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The state-owned forest of Pietralunga-Bocca Serriola

foresta-demaniale-pietralunga-2
The forest is rich in wildlife and extends around the small medieval villages of Pietralunga and Montone, it is bounded to the North by the wooded rump of the “Alpe della Luna”, to the southwest by the Tiber Valley, and to the East by the Serra di Burano and the rugged limestone peaks of the Umbria-Marche Apennines.
The Regional Council mentions the Forest as a biotope of particular naturalistic interest, presenting diversified internal territorial environments, provided with suitable instruments for preservation and development:

The Carpina Valley: the river Carpina, left tributary of the Tiber, draws with its winding course a magical scenery: an uncontaminated environment, rich in botanical rarities (plants like the black alder and the holly) and landscapes (waterfalls, natural pools, wooden bridges, old mills).
Its arenaceous-marl substrate is mainly waterproof with the result of an alternation of
dry periods in summer and periods with violent floods in autumn and spring.

After overflowing the banks, the water floods meadows and runs among the logs crushing the shrubs and uprooting the trees at their base:
It saturates the soil making it poor in air and oxygen: under these conditions only a few species survive: willows, poplars and alders, which together form the Riparian Forest.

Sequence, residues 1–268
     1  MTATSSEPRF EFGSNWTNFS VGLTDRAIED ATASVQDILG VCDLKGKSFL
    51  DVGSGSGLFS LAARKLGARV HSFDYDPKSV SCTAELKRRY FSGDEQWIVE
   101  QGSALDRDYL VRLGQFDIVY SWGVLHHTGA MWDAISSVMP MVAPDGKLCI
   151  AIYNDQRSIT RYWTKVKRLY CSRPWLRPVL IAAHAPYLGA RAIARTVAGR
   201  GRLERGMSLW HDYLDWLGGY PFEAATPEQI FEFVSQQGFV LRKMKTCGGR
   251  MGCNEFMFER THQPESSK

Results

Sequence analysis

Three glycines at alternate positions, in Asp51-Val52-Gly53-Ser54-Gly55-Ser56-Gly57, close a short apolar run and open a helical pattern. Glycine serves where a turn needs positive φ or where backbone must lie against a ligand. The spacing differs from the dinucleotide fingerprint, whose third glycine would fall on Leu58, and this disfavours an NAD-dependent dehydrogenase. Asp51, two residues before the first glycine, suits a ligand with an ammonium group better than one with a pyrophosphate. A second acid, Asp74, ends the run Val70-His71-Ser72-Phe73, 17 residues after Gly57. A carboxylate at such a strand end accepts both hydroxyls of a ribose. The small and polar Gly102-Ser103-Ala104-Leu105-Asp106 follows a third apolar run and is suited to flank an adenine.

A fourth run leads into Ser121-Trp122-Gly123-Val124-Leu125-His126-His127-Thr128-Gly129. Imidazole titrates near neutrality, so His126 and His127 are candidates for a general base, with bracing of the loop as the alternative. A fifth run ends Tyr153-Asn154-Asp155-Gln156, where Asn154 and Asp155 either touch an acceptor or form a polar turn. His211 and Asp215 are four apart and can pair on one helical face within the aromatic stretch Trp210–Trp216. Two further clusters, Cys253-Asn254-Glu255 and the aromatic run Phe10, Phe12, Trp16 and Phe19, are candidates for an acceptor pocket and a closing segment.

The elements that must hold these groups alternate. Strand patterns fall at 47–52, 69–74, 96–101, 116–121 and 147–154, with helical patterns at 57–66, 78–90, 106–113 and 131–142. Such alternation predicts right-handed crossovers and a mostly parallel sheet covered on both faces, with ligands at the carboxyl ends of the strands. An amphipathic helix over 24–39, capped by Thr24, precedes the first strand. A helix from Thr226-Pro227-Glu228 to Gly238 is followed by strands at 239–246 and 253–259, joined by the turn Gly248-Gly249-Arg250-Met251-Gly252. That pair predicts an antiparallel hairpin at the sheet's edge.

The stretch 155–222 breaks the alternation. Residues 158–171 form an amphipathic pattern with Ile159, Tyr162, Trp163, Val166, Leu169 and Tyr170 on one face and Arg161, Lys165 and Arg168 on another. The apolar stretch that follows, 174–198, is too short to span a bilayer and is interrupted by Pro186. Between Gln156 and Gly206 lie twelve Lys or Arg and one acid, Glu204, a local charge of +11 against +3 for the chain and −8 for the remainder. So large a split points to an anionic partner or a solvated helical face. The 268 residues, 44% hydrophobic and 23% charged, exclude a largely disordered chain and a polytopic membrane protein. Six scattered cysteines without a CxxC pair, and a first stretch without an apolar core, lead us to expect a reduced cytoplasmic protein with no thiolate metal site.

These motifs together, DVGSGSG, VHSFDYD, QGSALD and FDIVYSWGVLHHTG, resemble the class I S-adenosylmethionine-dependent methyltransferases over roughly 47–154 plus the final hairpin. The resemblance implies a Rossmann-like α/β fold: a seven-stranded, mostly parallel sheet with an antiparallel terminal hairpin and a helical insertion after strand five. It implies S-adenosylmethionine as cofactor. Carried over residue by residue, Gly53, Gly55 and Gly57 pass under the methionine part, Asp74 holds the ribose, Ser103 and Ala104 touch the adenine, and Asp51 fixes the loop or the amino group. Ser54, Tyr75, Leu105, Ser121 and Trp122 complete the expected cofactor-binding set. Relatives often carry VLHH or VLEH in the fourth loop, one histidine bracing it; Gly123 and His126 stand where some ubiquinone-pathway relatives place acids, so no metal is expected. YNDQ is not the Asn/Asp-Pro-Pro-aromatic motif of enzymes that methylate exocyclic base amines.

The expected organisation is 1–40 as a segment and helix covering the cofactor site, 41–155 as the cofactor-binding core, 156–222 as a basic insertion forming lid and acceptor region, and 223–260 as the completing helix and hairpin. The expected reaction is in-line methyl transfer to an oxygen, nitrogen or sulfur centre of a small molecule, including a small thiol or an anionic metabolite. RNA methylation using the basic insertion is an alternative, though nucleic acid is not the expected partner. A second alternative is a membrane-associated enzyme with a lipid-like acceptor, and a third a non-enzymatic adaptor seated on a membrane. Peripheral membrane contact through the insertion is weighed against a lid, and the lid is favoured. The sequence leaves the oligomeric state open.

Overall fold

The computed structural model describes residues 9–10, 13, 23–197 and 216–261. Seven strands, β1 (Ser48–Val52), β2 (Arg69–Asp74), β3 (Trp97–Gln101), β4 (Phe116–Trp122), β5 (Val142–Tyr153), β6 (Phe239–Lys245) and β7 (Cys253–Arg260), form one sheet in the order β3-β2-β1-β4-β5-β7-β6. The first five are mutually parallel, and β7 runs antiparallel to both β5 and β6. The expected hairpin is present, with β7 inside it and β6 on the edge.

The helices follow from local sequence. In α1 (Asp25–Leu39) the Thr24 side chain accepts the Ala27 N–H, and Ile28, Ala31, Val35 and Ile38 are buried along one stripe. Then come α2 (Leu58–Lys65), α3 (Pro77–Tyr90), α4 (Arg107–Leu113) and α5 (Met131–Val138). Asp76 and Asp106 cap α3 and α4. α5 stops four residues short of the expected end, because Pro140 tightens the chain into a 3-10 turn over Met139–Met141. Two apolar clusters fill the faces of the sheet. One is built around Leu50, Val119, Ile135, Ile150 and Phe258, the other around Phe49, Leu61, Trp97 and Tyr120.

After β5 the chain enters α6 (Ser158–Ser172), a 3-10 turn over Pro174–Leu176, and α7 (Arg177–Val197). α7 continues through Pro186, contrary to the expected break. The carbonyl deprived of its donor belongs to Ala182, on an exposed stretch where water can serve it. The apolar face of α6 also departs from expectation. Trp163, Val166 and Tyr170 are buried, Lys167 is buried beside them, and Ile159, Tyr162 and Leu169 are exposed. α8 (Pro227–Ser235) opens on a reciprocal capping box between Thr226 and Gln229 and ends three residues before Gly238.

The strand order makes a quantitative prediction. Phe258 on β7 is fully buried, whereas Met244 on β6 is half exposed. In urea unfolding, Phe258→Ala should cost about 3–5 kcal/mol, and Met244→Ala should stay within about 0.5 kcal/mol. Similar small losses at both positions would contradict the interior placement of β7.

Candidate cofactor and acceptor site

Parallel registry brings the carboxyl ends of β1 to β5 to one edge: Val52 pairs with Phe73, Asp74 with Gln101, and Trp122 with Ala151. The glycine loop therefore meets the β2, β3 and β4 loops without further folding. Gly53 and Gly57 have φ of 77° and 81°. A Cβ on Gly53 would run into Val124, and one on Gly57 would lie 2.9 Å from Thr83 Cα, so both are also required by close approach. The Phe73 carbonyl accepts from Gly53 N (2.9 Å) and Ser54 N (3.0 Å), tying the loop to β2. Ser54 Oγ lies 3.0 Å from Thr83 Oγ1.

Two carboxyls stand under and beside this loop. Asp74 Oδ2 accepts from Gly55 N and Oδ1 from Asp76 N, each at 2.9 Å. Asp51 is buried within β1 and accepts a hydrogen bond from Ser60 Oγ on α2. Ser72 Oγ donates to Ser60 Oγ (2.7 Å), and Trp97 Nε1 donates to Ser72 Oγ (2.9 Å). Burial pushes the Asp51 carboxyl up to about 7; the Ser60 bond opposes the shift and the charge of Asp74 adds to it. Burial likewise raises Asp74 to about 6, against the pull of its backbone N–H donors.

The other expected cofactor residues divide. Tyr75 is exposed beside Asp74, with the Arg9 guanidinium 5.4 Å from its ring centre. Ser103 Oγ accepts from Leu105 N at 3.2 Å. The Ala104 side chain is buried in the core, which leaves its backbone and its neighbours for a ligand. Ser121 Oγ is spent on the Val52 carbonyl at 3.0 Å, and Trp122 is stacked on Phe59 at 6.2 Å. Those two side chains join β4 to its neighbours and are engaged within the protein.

The naturalistic Oasis of Candeleto: it is a wide and varied protected area, covering about 1,000 hectares on the hill of Candeleto, between the valleys of the rivers Carpina and Carpinella.
The top of the hill called Monte Croce (735 m altitude), is covered with vast forests of black pine, spruce and Scotch pine as result of reforestations carried out at the beginning of the century and giving the landscape a typical Alpine aspect.

Rodents live there in larger numbers than other species: squirrels, fond of pine nuts, the dormouse and the hazel dormhouse.
The rest of wildlife is concentrated along the slopes of the hill of Candeleto, where deciduous forests (oaks, maples, hornbeams, sorbs and cherry trees), alternating with pastures and clearings, offer safe havens and plenty of food.

Here foxes, wild boars, badgers and porcupines live together while magpies and jays fly circumspect
from branch to branch and the kestrel, by day, and the tawny owl, at night, cover the sky.

The naturalistic oasis of Varrea: it is a protected area consisting of over nine hundred hectares of uninterrupted forest with Turkey oaks and beech trees covering the slopes of three deep valleys. It is a natural refuge for a small family of wolves that give their name to the wonderful trail that crosses it: the rings of the Wolf.
The summit area, characterized by strongly eroded slopes, with outcropping bare rock (in some traits forming striking gullies) constitutes an exceptional balcony looking on mountain ranges: Serra di Burano, Monte Nerone, Monte Catria and Monte Cucco.

In the forest of Pietralunga ancient buildings rich of art and history still survive, isolated and sometimes abandoned.